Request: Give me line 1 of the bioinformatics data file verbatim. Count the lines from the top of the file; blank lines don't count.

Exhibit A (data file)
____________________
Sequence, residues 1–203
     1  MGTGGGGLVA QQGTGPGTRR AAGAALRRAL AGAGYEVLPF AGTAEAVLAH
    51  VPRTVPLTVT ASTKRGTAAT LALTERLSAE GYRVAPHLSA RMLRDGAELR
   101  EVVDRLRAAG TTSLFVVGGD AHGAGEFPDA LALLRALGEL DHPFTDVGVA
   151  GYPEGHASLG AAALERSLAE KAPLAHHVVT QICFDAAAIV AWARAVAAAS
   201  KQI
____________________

Sequence, residues 1–203